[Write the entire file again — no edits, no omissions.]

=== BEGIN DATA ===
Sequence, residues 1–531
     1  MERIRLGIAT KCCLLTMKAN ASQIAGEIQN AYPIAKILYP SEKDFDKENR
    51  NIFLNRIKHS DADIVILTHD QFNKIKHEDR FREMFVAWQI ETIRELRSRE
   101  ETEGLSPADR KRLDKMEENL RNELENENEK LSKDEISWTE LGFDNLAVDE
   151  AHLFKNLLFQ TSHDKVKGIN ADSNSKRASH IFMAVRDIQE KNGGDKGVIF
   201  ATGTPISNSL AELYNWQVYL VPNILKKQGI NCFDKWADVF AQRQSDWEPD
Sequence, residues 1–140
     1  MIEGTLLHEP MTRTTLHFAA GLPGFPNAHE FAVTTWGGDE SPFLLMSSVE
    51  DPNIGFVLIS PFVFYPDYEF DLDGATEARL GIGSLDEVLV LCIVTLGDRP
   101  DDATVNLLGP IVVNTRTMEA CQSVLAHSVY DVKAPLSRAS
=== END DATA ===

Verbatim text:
Sequence, residues 1–531
     1  MERIRLGIAT KCCLLTMKAN ASQIAGEIQN AYPIAKILYP SEKDFDKENR
    51  NIFLNRIKHS DADIVILTHD QFNKIKHEDR FREMFVAWQI ETIRELRSRE
   101  ETEGLSPADR KRLDKMEENL RNELENENEK LSKDEISWTE LGFDNLAVDE
   151  AHLFKNLLFQ TSHDKVKGIN ADSNSKRASH IFMAVRDIQE KNGGDKGVIF
   201  ATGTPISNSL AELYNWQVYL VPNILKKQGI NCFDKWADVF AQRQSDWEPD
Sequence, residues 1–140
     1  MIEGTLLHEP MTRTTLHFAA GLPGFPNAHE FAVTTWGGDE SPFLLMSSVE
    51  DPNIGFVLIS PFVFYPDYEF DLDGATEARL GIGSLDEVLV LCIVTLGDRP
   101  DDATVNLLGP IVVNTRTMEA CQSVLAHSVY DVKAPLSRAS